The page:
Tribeca Film Festival 2023: RICHLAND A Portrait Of A Town Conflicted

Richland documentary

On its surface, Richland, Washington appears to be just a quiet Pacific Northwest town. It is the kind of town where most people know each other and they all come out on fall Friday evenings to root on the local high school football team. But Richland has a history rooted in World War Two and the birth of the atomic bomb.

The town of Richland was basically built during World War Two to house the families of workers at the nearby Hanford Engineering Works, a facility that refined uranium for the Manhattan Project. Initially a very much planned community, the city continued to grow after the war ended, thanks in part to the continued need for uranium in the nuclear arms race with the USSR. That

Director Irene Lusztig’s documentary Richland, takes us inside that town, painting a portrait of how its residents are now just starting to come to reckon with its place in history. At times contemplative, at times journalistic, Lusztig has turned her camera on the town residents and let them tell their story in their own words. To provide some historical context, she often intercuts archival footage from the 1940s through the 1980s, illuminating the town’s unique place in the 20th Century. The result is a unique insight into a town at a crossroads, struggling to come to grips with their own complicated history.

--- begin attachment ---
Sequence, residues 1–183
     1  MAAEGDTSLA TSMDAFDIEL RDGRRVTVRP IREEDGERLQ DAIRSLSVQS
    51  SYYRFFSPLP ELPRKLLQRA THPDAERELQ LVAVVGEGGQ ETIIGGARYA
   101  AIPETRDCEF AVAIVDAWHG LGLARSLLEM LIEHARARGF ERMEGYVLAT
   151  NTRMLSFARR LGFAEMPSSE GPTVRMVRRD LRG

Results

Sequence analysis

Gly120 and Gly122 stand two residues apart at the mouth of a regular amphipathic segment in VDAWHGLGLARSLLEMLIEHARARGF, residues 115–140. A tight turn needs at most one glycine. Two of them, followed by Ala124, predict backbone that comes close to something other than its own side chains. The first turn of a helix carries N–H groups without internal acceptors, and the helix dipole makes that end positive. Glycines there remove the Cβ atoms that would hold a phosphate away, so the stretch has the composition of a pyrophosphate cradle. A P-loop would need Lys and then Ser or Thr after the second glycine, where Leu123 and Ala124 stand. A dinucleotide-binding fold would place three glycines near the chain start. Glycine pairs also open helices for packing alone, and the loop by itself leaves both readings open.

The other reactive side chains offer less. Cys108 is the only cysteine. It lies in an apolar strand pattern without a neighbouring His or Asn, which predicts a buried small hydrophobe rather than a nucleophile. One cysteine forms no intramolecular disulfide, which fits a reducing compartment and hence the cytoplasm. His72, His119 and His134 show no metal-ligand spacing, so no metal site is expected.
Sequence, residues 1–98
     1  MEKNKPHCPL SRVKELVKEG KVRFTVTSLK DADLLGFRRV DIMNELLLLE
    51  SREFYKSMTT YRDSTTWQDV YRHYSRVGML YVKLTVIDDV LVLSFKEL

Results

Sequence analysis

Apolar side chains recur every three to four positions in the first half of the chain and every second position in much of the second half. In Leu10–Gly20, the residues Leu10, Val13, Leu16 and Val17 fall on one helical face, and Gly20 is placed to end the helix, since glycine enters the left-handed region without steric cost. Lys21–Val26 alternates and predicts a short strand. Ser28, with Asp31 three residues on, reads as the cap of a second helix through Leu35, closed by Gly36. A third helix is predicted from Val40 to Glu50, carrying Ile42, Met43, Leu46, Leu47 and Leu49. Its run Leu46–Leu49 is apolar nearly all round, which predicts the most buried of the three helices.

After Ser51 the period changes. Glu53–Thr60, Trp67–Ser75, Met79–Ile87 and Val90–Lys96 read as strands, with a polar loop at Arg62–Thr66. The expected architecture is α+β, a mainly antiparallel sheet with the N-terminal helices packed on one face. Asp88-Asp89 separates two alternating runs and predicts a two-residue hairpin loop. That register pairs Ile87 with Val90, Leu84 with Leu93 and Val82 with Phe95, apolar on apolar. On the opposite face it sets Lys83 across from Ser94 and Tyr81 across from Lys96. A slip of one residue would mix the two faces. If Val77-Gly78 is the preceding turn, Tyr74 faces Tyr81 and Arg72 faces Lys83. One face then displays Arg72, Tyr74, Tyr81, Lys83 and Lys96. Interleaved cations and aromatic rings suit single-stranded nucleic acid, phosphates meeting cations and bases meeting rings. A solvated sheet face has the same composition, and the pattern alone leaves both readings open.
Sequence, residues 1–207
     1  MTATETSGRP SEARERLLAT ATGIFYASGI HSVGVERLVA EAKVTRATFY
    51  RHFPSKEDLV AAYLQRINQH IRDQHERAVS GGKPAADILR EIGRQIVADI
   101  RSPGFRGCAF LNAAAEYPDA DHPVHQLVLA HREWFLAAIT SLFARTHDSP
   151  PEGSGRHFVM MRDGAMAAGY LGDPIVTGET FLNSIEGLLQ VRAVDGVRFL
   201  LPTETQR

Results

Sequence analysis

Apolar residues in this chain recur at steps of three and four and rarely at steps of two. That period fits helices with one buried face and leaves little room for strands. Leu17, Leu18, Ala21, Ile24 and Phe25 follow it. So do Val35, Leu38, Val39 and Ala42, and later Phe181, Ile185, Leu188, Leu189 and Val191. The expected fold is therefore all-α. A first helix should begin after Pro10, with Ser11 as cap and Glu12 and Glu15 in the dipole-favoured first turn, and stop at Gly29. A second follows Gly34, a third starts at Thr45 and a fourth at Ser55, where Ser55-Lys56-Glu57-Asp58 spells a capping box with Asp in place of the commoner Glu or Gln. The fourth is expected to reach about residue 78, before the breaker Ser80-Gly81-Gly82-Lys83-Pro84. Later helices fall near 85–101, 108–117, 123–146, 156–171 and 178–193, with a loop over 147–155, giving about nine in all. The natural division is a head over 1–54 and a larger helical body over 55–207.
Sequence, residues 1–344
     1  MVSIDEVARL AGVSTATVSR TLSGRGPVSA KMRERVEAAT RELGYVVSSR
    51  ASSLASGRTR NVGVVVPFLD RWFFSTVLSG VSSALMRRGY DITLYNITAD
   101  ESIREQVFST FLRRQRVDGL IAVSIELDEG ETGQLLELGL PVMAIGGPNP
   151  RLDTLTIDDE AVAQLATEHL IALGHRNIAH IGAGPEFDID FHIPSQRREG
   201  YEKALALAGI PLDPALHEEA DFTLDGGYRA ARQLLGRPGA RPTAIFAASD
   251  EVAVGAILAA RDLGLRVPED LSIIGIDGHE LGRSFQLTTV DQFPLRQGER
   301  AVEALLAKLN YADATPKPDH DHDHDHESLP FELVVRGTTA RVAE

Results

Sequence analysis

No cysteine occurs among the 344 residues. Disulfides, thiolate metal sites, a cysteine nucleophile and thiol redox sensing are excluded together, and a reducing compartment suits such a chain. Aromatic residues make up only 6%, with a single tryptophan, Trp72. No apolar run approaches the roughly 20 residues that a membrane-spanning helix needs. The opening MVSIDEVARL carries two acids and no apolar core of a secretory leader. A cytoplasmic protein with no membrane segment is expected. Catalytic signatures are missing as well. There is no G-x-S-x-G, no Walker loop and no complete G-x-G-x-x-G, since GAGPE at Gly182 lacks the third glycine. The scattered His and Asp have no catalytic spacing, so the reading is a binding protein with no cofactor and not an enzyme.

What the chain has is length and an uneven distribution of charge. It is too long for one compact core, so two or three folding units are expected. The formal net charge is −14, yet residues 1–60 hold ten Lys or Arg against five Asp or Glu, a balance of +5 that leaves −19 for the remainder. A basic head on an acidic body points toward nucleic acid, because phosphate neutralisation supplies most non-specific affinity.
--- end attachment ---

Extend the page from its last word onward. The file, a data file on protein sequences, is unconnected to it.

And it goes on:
For some, the town’s history is a source of pride. Being “proud of the cloud” is described by one towns person as part of the civic identity of Richland. The high school football team’s nickname is the Bombers with a stylized mushroom cloud logo emblazoning the back of their letterman jackets. But we see that there are students who do not think that a nuclear explosion is necessarily appropriate iconography for a high school. As one student remarks “It’s hard to take pride in our school when the motto used to be ‘Nuke ’em until they glow.'”

“We don’t need to change it,” argues another lifelong town resident in regards to the high school logo. “We need to explain to the outside communities we don’t look at this as what was used to kill people, this is something we accomplished.” How the viewer wants to parse that sentence is entirely up to them.

The split over the town’s complicated history falls mostly along generational lines, though not completely. A high school teacher interviewed also feels the mushroom cloud explosion logo is inappropriate for kids. A townswoman is trying to draw attention to a host of neo-natal deaths in the late 1940s evidenced by a stroll through a local cemetery, most likely as a result of the proximity of the Hanford Engineering Works site. While high school students debate whether President Harry Truman was justified in deploying the atom bomb against Japan, there are numerous fundraisers in town for people fighting cancer. An older couple talk about how beautiful a nearby rive is, but that they would never fish in it.

With the way that the town’s history is so baked into its culture – Not just in terms of high school sports team nicknames, but down to things like street names like “Nuclear Lane” and “Proton Lane” – any change might be difficult and slow to come.

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About Rich Drees 7219 Articles
A film fan since he first saw that Rebel Blockade Runner fleeing the massive Imperial Star Destroyer at the tender age of 8 and a veteran freelance journalist with twenty-five years experience writing about film and pop culture. He is a member of the Philadelphia Film Critics Circle.
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